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Watch out! Your HP computer may be recording your key strokes


Watch out! Your HP computer may be recording your key strokes

Swiss based security firm Modzero detected a bug in the audio drive of HP PC's that acts as a keylogger and records key strokes. More than thirty different models of HP computers have been affected including EliteBook, ZBook and ProBook, according to a blog posted by Modzero.

The key logger is present in a pre installed audio driver called mic tray in HP computers. It is used to determine which key is pressed to see if any audio related function is designated to the key. This in itself is not a problem. But due to a bug present in the coding, the data recorded was stored in a file within the PC. While the data was stored, it was not accessible to outsiders or HP itself.

"There is no evidence that this keylogger has been intentionally implemented. Obviously, it is a negligence of the developers - which makes the software no less harmful," said Modzero in their blog post. "If the developer would just disable all logging, using debug-logs only in the development environment, there wouldn't be problems with the confidentiality of the data of any user".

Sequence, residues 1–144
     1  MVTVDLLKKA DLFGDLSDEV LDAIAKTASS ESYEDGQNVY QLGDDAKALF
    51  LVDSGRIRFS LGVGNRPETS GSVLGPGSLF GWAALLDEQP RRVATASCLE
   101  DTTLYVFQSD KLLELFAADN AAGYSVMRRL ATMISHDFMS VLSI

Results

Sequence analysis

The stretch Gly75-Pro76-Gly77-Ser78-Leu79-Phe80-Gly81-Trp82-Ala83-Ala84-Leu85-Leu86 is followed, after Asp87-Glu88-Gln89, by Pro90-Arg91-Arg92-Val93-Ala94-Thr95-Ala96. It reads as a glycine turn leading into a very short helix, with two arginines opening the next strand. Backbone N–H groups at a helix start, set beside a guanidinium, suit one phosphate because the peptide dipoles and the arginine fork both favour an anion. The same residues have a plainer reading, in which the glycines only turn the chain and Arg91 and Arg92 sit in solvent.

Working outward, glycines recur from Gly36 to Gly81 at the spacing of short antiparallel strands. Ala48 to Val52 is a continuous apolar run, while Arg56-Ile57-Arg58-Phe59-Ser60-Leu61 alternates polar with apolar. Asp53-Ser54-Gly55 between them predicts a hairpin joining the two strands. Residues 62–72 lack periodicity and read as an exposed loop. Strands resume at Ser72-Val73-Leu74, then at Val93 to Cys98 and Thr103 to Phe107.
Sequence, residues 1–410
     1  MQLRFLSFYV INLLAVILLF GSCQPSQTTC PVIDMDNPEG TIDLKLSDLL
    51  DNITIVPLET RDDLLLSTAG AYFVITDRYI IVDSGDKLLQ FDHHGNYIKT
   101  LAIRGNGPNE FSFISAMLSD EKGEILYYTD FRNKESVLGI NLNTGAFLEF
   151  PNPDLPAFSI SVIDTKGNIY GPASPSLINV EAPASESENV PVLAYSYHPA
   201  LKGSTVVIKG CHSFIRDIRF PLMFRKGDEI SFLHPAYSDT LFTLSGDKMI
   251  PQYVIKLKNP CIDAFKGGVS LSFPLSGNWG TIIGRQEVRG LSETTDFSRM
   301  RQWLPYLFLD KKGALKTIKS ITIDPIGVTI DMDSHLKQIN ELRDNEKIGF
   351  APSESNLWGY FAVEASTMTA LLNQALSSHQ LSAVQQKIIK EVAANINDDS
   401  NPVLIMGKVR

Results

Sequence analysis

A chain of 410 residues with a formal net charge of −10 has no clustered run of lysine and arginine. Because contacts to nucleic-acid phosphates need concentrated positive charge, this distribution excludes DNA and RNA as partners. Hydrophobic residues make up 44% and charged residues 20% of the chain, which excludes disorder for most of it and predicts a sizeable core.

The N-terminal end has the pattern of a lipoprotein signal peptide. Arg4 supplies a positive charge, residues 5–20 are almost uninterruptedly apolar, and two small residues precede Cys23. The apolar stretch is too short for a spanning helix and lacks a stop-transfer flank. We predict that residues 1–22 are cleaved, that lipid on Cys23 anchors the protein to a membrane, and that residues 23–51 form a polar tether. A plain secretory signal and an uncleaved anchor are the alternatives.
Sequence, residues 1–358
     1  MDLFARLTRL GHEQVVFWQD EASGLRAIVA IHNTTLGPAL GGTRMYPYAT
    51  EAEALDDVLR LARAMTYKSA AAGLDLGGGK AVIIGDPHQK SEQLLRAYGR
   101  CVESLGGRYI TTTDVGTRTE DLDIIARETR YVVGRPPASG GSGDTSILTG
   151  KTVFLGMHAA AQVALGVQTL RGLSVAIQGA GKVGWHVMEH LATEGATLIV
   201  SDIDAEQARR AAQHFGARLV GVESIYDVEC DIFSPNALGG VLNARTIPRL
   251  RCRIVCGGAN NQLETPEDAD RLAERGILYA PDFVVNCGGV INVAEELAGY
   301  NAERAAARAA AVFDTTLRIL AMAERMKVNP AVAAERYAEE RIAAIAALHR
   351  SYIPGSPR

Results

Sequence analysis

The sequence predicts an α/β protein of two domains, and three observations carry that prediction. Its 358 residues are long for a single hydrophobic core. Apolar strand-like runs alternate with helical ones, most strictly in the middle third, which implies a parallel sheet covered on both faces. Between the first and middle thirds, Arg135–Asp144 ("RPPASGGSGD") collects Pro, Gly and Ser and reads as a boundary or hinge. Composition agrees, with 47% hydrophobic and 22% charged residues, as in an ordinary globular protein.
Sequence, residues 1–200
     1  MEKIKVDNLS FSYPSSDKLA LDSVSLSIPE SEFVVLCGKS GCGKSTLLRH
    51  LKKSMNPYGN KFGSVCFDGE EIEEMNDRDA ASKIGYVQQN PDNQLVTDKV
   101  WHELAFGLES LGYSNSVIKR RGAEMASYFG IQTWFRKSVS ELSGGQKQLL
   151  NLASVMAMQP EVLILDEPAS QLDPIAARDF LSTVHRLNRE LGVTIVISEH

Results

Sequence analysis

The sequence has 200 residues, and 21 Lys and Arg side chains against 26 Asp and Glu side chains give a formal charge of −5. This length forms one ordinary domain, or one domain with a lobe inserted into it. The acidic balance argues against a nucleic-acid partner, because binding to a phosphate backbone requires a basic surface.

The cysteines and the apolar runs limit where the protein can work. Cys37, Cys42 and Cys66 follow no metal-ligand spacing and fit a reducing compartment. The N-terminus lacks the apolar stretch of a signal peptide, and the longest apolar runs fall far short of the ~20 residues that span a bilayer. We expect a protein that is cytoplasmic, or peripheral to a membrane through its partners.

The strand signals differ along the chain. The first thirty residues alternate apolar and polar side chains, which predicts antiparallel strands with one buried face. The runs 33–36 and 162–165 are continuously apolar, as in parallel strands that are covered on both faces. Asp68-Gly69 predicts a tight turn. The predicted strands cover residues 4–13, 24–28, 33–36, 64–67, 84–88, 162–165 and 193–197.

The issue can be fixed on our own by going to the C:\Users\Public\MicTray.log file and delete all the content in it. Deleting the folder permanently disable the feature although some of the keys used for controlling audio may not work. The issue was detected last month and HP and its hardware partner Conexant Systems which supplied the driver were notified.

“There was some debugging code in the audio driver that was mistakenly left there,” said Mike Nash, Vice President, HP. “It was left there by accident. The intent was to help us debug a problem.”

HP has released a patch to fix the issue and is available for download through its support page. It has also announced that the patch will be available via Thursdays Windows update. The patch will fix the flaw from the PC's audio driver and remove the entire log file that was recording the key strokes. HP has been in talks with Conexant about the issue.

“It’s something Conexant should have identified and removed,” he added. “We want to make sure this doesn’t happen again.”

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